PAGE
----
Wherever raccoons urinate, they can spread a deadly bacterium called Leptospirosis.  “Lepto” is also potentially zoonotic to you, the pet owner.  Your dog walks on the same ground where the raccoons urinate and then becomes infected.  Once infected, this bacterium affects the dog’s kidneys and liver.  When your infected pet urinates, it can expose you. I see symptoms of Leptospirosis in dogs here in Pasco County quite often.  Again, your veterinarian can vaccinate your pet against Leptospirosis.

Lastly, raccoons spread roundworm eggs in their feces. One particular species of raccoon roundworm, known as Baylis ascaris, is particularly dangerous for children.  Because raccoons tend to defecate in “latrines” where they deposit their feces regularly, microscopic roundworm eggs become highly concentrated.  Children playing in the dirt accidentally get exposed to these high concentrations of roundworm eggs.  Once swallowed, the roundworm egg hatches, travels to the child’s brain, and causes permanent damage. When I lived in Northern California a few years ago, a 3-year-old girl went blind after playing in her own back yard and becoming infected with raccoon roundworm.  I don’t want this to happen to any of my clients here in Florida.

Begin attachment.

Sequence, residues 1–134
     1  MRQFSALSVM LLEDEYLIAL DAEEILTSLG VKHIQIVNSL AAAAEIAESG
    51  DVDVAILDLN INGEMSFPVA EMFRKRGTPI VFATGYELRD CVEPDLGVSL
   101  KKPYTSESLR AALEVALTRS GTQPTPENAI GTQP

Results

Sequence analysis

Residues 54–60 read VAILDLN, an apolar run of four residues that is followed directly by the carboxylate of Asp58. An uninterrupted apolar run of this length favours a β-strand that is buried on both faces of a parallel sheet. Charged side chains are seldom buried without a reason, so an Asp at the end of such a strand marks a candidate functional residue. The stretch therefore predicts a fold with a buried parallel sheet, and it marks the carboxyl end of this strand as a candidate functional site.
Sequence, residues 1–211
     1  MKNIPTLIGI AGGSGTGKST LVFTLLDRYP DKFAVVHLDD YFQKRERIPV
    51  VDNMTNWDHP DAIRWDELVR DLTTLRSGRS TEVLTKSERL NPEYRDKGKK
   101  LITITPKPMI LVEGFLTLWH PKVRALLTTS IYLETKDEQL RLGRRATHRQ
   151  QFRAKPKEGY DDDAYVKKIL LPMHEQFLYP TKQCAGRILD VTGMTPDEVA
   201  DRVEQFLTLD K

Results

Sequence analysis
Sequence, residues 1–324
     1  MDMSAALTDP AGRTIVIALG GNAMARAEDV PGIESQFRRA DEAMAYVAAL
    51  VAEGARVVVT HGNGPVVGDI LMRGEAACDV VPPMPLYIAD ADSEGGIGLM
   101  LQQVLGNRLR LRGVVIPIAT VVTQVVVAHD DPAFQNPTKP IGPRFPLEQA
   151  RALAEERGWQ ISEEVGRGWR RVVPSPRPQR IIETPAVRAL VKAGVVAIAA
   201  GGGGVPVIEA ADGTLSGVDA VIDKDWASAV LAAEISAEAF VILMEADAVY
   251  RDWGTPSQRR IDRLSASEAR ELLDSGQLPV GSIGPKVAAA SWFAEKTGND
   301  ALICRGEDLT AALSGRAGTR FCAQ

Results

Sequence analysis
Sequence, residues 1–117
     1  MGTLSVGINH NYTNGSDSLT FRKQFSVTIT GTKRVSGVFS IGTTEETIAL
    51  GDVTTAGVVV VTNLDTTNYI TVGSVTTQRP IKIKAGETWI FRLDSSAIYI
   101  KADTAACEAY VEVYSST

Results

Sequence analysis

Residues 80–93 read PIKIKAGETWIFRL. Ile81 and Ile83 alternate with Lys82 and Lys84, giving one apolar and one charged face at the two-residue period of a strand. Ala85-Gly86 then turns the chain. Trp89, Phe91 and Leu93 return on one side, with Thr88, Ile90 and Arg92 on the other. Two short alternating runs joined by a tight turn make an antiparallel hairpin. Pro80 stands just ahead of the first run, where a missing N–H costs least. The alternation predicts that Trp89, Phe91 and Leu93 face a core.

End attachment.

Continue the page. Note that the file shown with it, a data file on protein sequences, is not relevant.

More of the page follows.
After you read this you will probably think I am a raccoon bigot.  Really, I am not.  I am just a veterinarian, trained to protect the public from zoonotic diseases and to protect animals from infectious diseases.  This is what I do.  My relationship with raccoons these days is a bit rockier than it once was, but I still adore them.  I just watch from a distance.

Kitten Season